A graphic making the rounds on social media this week suggested several thermostat settings, but its temperature for sleep raised eyebrows.
When it’s bedtime, what do your sleeping habits rely on as the best temperature for sleep? If you’re like me, nowhere near what a graphic circulating on Facebook and Twitter suggested.
If goes without saying that if you want to save money on the electric bill this time of year, you’ll want to turn it up, not down.
We get it.
But when recommendations from Energy Star began making the round this week, people balked.
Energy Star is a program of the Department of Energy and the Environmental Protection Agency. Its goal, naturally, is to help the environment and conserve energy, while saving energy consumers money.
Their motives may be admirable.
Their recommendations are not exactly comfortable.
In a nutshell, it recommends three temperatures for your home over the course of the day.
When you’re home in the morning, the thermostat should be set to 78°. When you leave for the day to go to work, you should turn the thermostat up to 85°.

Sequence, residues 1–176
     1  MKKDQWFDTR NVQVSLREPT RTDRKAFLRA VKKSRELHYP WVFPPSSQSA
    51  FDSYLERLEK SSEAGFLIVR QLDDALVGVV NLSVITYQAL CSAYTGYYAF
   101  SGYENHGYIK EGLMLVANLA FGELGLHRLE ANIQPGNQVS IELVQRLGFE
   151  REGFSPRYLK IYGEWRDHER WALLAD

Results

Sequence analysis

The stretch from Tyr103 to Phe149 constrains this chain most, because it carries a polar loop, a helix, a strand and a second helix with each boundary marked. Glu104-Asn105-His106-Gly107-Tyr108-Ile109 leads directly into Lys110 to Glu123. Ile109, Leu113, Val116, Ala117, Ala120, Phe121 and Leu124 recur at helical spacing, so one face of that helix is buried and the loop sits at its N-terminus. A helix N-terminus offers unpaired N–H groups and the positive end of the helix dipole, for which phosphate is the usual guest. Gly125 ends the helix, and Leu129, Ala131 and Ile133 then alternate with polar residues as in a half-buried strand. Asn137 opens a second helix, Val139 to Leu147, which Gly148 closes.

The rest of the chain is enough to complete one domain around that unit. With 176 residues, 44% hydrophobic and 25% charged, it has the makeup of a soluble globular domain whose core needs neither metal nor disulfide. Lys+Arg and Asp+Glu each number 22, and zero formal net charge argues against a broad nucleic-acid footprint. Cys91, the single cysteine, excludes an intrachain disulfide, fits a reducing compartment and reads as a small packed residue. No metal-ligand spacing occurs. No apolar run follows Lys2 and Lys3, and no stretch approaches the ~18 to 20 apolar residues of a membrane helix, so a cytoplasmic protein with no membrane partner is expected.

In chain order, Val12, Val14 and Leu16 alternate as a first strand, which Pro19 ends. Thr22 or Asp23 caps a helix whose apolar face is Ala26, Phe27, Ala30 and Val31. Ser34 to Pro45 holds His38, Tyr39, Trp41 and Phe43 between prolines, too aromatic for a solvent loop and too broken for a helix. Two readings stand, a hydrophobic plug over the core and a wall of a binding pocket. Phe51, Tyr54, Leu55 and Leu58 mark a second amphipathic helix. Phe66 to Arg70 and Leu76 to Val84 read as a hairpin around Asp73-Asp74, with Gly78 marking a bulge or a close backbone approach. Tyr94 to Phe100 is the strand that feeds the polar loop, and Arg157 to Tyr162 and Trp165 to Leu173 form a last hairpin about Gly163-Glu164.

When you get back home, you drop it back down to a mildly toasty 78°, until it’s bedtime.
That’s when you turn the temperature up to 82°.
Clearly, these folks have never left a northern state where humidity is less of an issue than it is in the southern half of the country.
I can’t sleep well in a room where the temperature is more than 75°. In fact, when I travel for work, I’m only too happy to sneak the thermostat down to about 65° before bed.
For me, it’s always easier to sleep cuddled up under an extra blanket than to feel too hot even for a sheet.
I sleep with a fan blowing on the bed. This time of year, I keep the thermostat down to around 75°. (That’s done to keep the electric bill below $200.) And you can bet in July and August, the fan’s usually on high.
How about you?
Could you be comfortable in a home during the summer months where the temperature during the day is at 78° and 82° while you’re sleeping?
If not, you’re not alone.
In fact, the National Sleep Foundation blow Energy Star’s little recommendations right out of the water.
NSF suggests the best temperature for optimal sleep is between 60 and 67 degrees. I could sleep far better at 67° than I could ever sleep at 82°.
And I rarely change my thermostat’s setting throughout the day and night. I try to keep it set at around 75 with fans blowing. Occasionally, I’ll lower it a bit just before bedtime if it’s particularly humid.
Seriously, you haven’t felt humidity until you’re in the southern United States. You just haven’t.
Even with the lower settings, I always have at least one fan running. Otherwise, I’d have to lower the thermostat a bit more.
Do you agree?